22. Liu S, Liu F, Jia H, Yan Y, Wang H, Guo X, Xu B (2016) A glutathione S-transferase gene associated with antioxidant properties isolated from Apis cerana cerana. Naturwissenschaften 103:43CrossRefGoogle Scholar
  23. Mansfield J, Genin S, Magori S, Citovsky V, Sriariyanum M, Ronald P, Dow M, Verdier V, Beer SV, Machado MA, Toth I, Salmond G, Foster GD (2012) Top 10 plant pathogenic bacteria in molecular plant pathology. Mol Plant Pathol 13:614–629CrossRefGoogle Scholar
  24. Nayeem A, Sitkoff D, Krystek S Jr (2006) A comparative study of available software for high-accuracy homology modeling: from sequence alignments to structural models. Protein Sci 15:808–824CrossRefGoogle Scholar
  25. Nianiou-Obeidat I, Madesis P, Kissoudis C, Voulgari G, Chronopoulou E, Tsaftaris A, Labrou NE (2017) Plant glutathione transferase-mediated stress tolerance: functions and biotechnological applications. Plant Cell Rep 36:791–805CrossRefGoogle Scholar
  26. Nishida M, Kong KH, Inoue H, Takahashi K (1994) Molecular cloning and site-directed mutagenesis of glutathione S-transferase from Escherichia coli. The conserved tyrosyl residue near the N-terminus is not essential for catalysis J Biol Chem 269:32536–32541Google Scholar
  27. Ohta Y, Nishi S, Hasegawa R, Hatada Y (2015) Combination of six enzymes of a marine Novosphingobium converts the stereoisomers of β-O-4 lignin model dimers into the respective monomers. Sci Rep 5:15105CrossRefGoogle Scholar
  28. Perperopoulou F, Ataya FS, Fouad D, Malik A, Saeed HM, Labrou NE (2016) Biochemical characterization of the detoxifying enzyme glutathione transferase P1-1 from the camel Camelus dromedarius. Cell Biochem Biophys 74:459–472CrossRefGoogle Scholar
  29. Perperopoulou F, Pouliou F, Labrou NE (2017) Recent advances in protein engineering and biotechnological applications of glutathione transferases. Crit Rev Biotechnol 22:1–18Google Scholar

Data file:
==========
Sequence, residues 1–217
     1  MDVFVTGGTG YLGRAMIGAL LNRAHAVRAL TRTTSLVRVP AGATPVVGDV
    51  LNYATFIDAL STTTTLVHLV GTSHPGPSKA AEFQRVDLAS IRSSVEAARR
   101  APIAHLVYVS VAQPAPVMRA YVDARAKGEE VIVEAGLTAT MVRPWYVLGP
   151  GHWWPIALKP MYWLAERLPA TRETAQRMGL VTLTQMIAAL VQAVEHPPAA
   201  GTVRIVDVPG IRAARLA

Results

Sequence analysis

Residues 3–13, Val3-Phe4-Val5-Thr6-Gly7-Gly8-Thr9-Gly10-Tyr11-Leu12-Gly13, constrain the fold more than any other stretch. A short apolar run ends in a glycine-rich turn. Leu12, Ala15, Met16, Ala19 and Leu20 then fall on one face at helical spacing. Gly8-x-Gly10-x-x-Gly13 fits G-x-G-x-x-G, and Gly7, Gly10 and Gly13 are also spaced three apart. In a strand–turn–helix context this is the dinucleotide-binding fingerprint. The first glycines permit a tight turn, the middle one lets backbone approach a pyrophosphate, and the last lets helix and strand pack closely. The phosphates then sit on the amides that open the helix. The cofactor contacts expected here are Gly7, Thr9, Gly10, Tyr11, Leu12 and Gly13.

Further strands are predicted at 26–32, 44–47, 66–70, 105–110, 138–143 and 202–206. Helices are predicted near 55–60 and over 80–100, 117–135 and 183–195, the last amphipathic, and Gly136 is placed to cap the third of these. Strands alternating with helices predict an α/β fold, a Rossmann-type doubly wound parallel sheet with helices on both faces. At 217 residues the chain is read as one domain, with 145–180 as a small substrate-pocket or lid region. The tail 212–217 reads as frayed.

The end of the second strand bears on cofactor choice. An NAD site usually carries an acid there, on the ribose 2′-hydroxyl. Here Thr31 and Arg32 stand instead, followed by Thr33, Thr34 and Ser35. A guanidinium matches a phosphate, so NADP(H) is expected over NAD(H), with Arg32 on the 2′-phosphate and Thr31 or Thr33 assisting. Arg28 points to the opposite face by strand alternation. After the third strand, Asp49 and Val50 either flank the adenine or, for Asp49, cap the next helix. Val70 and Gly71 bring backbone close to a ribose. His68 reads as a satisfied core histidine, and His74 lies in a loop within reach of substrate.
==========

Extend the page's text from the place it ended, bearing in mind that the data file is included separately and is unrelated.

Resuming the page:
30. Pugazhendhi A, Dhanarani S, Shankar C, Prakash P, Ranganathan K, Saratale RG, Thamaraiselvi K (2017) Electrophoretic pattern of glutathione S-transferase (GST) in antibiotic resistance gram-positive bacteria from poultry litter. Microb Pathog 110:285–290CrossRefGoogle Scholar
  31. Rossjohn J, Polekhina G, Feil SC, Allocati N, Masulli M, Di Ilio C, Parker MW (1998) A mixed disulfide bond in bacterial glutathione transferase: functional and evolutionary implications. Structure 15:721–734CrossRefGoogle Scholar
  32. Seeliger D, de Groot BL (2010) Ligand docking and binding site analysis with PyMOL and autodock/Vina. J Comput Aided Mol Des 24:417–422CrossRefGoogle Scholar
  33. Skopelitou K, Dhavala P, Papageorgiou AC, Labrou NE (2012a) A glutathione transferase from Agrobacterium tumefaciens reveals a novel class of bacterial GST superfamily. PLoS One 7:e34263CrossRefGoogle Scholar
  34. Skopelitou K, Muleta AW, Pavli O, Skaracis GN, Flemetakis E, Papageorgiou AC, Labrou NE (2012b) Overlapping protective roles for glutathione transferase gene family members in chemical and oxidative stress response in Agrobacterium tumefaciens. Funct Integr Genomics 12:157–172CrossRefGoogle Scholar
  35. Skopelitou K, Muleta AW, Papageorgiou AC, Chronopoulou EG, Pavli O, Flemetakis E, Skaracis GN, Labrou NE (2017) Characterization and functional analysis of a recombinant tau class glutathione transferase GmGSTU2-2 from Glycine max. Int J Biol Macromol 94:802–812CrossRefGoogle Scholar
  36. Tamburro A, Robuffo I, Heipieper HJ, Allocati N, Rotilio D, Di Ilio C, Favaloro B (2004) Expression of glutathione S-transferase and peptide methionine sulphoxide reductase in Ochrobactrum anthropi is correlated to the production of reactive oxygen species caused by aromatic substrates. FEMS Microbiol Lett 241:151–156CrossRefGoogle Scholar
  37. Takle GW, Toth IK, Brurberg MB (2007) Evaluation of reference genes for real-time RT-PCR expression studies in the plant pathogen Pectobacterium atrosepticum. BMC Plant Biol 7:50CrossRefGoogle Scholar